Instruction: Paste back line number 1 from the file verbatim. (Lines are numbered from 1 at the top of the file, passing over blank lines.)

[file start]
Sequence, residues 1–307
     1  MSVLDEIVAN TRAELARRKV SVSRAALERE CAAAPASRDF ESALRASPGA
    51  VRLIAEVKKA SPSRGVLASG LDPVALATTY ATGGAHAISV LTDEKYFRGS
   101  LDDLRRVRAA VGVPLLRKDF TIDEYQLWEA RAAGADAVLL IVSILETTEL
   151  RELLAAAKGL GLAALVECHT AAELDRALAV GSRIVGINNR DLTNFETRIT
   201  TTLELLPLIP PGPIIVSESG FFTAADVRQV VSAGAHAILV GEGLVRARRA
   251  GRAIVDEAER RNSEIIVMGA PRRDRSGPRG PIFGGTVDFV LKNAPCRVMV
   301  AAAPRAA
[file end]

Sequence, residues 1–307